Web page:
Welcome to the latest edition of Frontline UK.
Our feature article, written by Rob Briggs, covers a raft of legislative changes in the employment sphere coming into force over the next couple of months, to help businesses to start preparing ahead of time.
Our immigration feature, written by Yuichi Sekine, covers the Migration Advisory Committee's latest report on Brexit.
Our case updates cover a Supreme Court decision on whistleblowing and an Employment Tribunal decision on equal pay against the BBC.
Finally, our legal updates cover new guidance published by the Equality and Human Rights commission on sexual harassment in the workplace and the April 2020 increases to several aspects of statutory pay.
New Year, New Employment Law
With Christmas and New Year receding rapidly, HR and legal advisers are starting to work through their "to do" lists for 2020. It is set to be a significant year in employment law, with a raft of legislative changes coming into force over the next couple of months. Many of the changes will require businesses to start preparing ahead of time. In this article, we focus on the main upcoming changes.
The Migration Advisory Committee's latest report on Brexit
The Migration Advisory Committee ("MAC") recently published their much awaited report on the Australian-style Points-based system as a model for the UK's future immigration system. To many immigration lawyers, the report came as a surprise as it suggests no significant changes to the existing Points-based system that has been in place since 2008.
Supreme court decides that real reason for a dismissal decision must be taken into account even if unknown to the dismissing manager
Royal Mail Group v Jhuti  UKSC 55
The highly contentious case of Royal Mail v Jhuti has been brought to a close with the Supreme Court's recent decision. The Court decided that in whistleblowing cases, when looking at the true reason for the employer's decision to dismiss an employee, a hidden reason, knowledge or motivation that influenced or manipulated the decision should be taken into account.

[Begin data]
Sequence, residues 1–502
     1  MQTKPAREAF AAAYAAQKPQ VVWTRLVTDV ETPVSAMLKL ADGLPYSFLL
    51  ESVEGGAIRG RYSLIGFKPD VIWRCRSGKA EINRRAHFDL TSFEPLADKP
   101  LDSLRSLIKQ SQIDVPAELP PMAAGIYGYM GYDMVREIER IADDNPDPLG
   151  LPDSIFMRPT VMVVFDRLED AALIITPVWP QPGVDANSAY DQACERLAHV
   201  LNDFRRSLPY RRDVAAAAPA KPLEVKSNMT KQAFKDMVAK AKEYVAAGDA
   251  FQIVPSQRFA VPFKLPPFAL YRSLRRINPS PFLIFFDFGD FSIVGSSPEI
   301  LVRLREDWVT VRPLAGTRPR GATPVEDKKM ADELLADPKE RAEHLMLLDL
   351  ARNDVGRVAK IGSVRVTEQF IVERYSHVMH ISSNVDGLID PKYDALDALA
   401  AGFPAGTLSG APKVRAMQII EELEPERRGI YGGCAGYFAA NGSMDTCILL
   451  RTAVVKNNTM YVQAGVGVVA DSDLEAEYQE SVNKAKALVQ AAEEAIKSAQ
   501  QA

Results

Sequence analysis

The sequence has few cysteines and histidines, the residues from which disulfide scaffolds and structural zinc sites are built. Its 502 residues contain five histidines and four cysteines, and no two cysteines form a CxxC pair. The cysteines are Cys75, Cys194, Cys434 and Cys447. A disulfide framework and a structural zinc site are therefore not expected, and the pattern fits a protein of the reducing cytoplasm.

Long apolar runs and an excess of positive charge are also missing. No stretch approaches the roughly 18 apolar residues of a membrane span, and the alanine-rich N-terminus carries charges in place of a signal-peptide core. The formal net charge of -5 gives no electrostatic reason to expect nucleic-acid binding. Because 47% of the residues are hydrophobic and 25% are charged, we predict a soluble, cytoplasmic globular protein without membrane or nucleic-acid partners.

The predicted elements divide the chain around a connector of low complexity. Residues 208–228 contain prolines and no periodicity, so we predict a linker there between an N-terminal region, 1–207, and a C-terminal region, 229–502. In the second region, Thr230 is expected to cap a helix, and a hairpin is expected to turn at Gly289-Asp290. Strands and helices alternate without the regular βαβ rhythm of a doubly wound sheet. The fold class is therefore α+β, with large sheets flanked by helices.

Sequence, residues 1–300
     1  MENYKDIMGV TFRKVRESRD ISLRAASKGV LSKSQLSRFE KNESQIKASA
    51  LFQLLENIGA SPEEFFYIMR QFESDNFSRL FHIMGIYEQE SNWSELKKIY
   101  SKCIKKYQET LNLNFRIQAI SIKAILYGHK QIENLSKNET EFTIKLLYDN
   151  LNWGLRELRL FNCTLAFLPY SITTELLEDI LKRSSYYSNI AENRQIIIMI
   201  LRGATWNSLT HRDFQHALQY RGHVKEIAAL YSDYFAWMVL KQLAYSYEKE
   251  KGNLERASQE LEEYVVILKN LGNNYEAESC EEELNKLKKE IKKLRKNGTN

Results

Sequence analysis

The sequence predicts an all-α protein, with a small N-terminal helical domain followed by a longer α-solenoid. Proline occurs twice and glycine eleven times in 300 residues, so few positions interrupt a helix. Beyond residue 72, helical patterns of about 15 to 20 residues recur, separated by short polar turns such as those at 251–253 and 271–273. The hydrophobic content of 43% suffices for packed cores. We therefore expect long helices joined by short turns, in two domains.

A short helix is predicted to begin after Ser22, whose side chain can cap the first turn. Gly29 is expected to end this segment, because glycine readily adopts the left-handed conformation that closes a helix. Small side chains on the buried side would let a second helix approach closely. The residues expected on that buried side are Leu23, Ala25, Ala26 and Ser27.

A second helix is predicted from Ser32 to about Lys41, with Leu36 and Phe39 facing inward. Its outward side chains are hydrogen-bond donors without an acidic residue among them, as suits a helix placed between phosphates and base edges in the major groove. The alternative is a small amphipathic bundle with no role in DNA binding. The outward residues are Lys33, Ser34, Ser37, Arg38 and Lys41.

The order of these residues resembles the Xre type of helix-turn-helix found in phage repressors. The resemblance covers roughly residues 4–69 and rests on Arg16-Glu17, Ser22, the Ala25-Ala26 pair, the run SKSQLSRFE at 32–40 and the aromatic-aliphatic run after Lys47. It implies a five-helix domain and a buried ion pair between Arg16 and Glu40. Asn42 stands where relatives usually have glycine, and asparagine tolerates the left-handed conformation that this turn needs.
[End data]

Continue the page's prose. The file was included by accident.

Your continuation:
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Samira Ahmed wins equal pay claim against BBC
Samira Ahmed v BBC ET 2206858/2018
An Employment Tribunal has decided that Samira Ahmed's work on Newswatch was like work, or work of equal value, to Jeremy Vine's work on Points of View for equal pay purposes. The BBC was also unable to show that the difference in pay was because of a material factor which did not involve sex discrimination.
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EHRC releases new guidance on sexual harassment and harassment in the workplace
As the repercussions of the #metoo movement continue to be felt in the world of work, more than two years on, the Equality and Human Rights Commission (EHRC) has issued new guidance on sexual harassment and harassment in the workplace, together with a seven-step employer guide on preventing sexual harassment at work.
Whilst the new guidance is not a statutory code of practice, meaning that employment tribunals are not legally obliged to take it into account when hearing harassment claims, it can be used as evidence in tribunal proceedings, where considered relevant. Employers looking to improve their practice in this area would be well-advised to review the new guidance, which contains helpful information on ways of preventing harassment in the workplace and the contents of a good policy on workplace harassment.
April 2020 proposed increases to statutory maternity, paternity, adoption and sick pay announced
The Department for Work and Pensions has placed a paper in the members' library of the House of Commons setting out proposed increases to a number of statutory benefit payments. The following rates are expected to apply from April 2020:
The rates will be confirmed once an Order is made. The increase normally occurs on the first Sunday in April, which would be 5 April 2020.